- they actually couldn't find anyone (although it's unlikely)
- they couldn't find anyone that could explain MD5 in simple terms that would indicate that the liklihood that the traffic infraction actually occurred. Hint: think DNA evidence. You will always hear "probabilities" discussed when lawyers discuss DNA. Yes, there are collisions in MD5 number space. The probability of forgery goes down very fast if that "collision" has the same MD5 hash, looks like a picture, of the intersection in question, with the defendant's car passing through it, with the defendant's license plate in view, with the camera's timestamp (and other) data embedded in the picture.
- the prosecution was unable to display the chain of evidence, in the form of being unable to prove when the MD5 hash was generated. The hash being embedded in the picture may actually cause a problem because it means that the picture was changed after it was taken, by the camera itself. However, this is a procedural problem, not a technical one, and would translate into the prosecution not being able to find anyone willing to take an oath to assert/support the accuracy of the data.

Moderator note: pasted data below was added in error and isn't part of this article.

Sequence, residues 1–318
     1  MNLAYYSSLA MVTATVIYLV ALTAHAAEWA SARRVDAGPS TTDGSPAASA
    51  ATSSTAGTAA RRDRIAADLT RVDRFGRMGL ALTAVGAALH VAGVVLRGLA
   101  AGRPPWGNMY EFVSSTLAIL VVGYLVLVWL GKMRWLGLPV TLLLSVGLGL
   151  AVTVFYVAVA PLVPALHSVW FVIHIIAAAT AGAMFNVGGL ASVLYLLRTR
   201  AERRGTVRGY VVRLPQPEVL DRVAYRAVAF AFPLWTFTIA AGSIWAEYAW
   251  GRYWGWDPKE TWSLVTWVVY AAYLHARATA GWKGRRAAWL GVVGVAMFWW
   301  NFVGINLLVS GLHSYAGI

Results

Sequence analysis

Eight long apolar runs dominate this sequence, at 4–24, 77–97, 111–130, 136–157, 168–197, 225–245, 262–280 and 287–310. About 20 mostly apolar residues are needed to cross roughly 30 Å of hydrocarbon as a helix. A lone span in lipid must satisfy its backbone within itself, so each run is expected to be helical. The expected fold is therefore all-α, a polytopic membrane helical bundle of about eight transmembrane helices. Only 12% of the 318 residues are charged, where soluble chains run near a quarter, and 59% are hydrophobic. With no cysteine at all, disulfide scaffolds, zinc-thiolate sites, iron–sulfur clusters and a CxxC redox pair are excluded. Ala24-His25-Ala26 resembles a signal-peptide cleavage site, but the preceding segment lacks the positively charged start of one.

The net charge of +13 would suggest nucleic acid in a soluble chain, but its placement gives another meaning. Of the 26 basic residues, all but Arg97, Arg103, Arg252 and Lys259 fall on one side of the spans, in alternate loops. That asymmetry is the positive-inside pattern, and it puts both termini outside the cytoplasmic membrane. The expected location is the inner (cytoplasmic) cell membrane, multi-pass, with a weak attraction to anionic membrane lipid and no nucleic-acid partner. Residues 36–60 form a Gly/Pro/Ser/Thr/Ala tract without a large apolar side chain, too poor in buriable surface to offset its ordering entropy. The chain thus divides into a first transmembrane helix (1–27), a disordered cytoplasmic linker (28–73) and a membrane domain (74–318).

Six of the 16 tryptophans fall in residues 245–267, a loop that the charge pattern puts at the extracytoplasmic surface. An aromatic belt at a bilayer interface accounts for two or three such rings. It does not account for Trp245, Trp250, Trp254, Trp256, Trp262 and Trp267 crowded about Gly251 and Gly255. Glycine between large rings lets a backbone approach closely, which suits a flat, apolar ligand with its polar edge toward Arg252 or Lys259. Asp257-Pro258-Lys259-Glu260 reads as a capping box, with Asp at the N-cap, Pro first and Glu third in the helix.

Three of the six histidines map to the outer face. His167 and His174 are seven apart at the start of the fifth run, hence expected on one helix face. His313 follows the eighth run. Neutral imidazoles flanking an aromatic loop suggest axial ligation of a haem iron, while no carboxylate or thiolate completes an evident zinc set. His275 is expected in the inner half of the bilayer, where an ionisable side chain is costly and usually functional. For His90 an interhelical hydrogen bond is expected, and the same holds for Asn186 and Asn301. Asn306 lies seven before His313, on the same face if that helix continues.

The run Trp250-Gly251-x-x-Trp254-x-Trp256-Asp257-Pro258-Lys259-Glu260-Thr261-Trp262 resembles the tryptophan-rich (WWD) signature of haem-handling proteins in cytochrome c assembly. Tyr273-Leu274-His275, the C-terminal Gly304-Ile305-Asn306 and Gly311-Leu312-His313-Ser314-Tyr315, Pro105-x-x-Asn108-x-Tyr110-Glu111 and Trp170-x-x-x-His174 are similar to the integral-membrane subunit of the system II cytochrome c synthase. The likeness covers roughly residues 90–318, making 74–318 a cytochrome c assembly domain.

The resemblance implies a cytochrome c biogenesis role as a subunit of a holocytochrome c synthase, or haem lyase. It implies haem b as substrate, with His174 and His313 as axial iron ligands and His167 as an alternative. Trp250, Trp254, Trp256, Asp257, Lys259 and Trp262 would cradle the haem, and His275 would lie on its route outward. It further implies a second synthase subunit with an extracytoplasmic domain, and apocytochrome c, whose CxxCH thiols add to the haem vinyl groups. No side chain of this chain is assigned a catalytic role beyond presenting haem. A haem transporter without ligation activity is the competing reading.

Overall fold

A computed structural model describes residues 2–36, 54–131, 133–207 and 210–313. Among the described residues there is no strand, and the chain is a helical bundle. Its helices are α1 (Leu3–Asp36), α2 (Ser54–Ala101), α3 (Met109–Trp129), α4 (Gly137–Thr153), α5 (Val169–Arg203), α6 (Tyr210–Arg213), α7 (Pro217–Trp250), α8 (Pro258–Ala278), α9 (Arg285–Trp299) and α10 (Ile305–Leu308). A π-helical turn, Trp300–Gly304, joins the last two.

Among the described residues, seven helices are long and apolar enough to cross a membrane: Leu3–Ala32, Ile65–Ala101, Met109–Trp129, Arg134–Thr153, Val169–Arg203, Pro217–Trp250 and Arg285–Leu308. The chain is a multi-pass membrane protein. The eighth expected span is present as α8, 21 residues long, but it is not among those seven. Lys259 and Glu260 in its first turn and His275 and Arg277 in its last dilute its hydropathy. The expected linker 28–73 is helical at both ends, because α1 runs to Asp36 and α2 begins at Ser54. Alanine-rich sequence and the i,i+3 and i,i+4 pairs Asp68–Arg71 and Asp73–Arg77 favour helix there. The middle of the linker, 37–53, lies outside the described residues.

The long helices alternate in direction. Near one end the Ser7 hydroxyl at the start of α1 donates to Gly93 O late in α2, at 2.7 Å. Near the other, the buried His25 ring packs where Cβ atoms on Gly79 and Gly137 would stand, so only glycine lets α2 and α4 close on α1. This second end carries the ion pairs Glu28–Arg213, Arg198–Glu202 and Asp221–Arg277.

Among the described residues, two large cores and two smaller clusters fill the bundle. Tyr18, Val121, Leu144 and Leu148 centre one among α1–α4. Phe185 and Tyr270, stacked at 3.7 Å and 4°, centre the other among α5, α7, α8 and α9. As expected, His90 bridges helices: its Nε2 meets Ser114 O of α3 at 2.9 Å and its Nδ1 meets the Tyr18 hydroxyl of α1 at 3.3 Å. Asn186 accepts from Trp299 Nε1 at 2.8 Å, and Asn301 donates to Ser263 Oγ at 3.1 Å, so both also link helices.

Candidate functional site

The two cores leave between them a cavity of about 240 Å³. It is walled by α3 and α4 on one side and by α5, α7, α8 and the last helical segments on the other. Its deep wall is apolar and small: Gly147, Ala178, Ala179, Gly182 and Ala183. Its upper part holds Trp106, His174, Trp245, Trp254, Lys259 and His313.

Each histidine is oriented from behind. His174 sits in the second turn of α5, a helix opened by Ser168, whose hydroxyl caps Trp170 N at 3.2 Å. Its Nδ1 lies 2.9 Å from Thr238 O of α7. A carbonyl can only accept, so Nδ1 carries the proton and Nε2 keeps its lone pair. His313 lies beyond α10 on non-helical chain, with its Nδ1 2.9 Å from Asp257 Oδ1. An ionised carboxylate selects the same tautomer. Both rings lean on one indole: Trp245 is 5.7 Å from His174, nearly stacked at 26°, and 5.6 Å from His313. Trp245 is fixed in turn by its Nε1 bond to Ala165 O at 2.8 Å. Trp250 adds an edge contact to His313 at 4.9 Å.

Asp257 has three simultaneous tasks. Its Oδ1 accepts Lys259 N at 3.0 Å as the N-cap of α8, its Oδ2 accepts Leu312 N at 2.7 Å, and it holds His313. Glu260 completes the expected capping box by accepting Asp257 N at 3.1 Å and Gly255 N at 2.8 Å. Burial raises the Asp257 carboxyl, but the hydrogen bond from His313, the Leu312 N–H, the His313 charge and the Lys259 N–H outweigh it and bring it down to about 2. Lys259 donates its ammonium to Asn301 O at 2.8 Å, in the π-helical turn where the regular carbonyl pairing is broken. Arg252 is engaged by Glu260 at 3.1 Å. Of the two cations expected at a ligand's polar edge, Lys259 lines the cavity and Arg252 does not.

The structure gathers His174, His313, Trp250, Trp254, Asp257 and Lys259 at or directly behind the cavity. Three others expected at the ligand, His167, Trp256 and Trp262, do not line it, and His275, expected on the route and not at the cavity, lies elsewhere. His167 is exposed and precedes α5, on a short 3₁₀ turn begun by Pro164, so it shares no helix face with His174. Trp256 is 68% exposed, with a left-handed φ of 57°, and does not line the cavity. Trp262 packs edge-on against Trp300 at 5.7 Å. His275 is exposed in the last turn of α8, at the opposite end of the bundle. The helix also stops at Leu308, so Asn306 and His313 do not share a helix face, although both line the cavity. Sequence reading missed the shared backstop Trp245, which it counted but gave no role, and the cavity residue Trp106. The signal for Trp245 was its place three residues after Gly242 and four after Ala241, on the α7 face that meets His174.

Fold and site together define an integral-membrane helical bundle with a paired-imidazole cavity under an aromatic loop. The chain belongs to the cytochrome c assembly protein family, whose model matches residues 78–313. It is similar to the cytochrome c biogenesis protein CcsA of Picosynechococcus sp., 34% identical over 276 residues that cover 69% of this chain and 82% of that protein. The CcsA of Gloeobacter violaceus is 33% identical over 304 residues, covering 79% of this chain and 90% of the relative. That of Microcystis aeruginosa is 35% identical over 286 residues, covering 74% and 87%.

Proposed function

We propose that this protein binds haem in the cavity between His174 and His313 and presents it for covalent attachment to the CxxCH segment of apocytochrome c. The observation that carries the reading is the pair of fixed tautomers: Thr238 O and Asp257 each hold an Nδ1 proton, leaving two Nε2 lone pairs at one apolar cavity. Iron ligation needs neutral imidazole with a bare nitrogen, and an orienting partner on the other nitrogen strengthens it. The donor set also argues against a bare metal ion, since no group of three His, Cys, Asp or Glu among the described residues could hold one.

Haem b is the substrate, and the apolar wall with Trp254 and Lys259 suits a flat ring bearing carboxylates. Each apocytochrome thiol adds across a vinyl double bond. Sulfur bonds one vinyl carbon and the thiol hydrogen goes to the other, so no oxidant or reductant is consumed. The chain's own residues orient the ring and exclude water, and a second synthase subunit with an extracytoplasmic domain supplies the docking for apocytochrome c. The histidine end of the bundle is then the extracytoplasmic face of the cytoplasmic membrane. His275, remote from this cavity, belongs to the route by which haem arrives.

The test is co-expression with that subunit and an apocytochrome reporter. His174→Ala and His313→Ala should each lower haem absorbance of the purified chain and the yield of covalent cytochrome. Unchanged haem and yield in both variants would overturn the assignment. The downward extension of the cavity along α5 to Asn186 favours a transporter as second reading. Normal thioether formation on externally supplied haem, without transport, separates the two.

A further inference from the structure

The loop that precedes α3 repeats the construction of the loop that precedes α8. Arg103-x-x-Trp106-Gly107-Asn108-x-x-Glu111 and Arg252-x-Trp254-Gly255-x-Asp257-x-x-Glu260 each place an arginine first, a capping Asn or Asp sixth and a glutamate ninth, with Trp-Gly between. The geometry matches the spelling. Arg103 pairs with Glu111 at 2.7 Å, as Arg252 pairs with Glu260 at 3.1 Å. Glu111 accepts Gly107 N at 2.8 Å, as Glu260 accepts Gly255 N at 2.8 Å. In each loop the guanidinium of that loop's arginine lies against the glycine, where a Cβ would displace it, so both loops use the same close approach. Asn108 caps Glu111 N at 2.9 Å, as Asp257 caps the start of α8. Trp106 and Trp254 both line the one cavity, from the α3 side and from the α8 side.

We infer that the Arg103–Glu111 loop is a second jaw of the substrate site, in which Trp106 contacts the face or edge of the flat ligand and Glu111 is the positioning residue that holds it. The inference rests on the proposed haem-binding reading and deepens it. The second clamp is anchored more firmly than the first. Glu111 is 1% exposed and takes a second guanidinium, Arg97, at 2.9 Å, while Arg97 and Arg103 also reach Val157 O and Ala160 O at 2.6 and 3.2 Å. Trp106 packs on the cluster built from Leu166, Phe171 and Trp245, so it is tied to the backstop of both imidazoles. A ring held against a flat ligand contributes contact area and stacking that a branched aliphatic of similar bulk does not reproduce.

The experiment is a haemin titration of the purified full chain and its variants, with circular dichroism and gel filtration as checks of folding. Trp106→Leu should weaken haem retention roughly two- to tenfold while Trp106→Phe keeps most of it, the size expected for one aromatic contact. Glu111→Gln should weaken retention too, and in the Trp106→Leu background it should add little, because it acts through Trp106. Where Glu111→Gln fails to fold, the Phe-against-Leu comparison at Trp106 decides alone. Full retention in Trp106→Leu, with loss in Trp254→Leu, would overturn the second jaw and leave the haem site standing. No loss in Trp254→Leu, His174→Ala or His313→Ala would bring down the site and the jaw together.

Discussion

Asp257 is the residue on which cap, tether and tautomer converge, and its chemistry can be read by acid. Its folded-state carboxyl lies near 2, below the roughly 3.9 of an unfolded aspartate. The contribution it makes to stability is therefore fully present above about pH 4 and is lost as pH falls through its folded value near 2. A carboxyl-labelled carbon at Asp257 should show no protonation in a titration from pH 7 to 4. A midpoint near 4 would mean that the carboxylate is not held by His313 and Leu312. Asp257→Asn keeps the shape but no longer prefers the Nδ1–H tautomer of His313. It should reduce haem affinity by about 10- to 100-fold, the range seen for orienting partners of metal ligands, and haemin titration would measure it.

I doubt that MD5 hashing of traffic pictures will cease. Rather, I believe that how they're presented in court will change.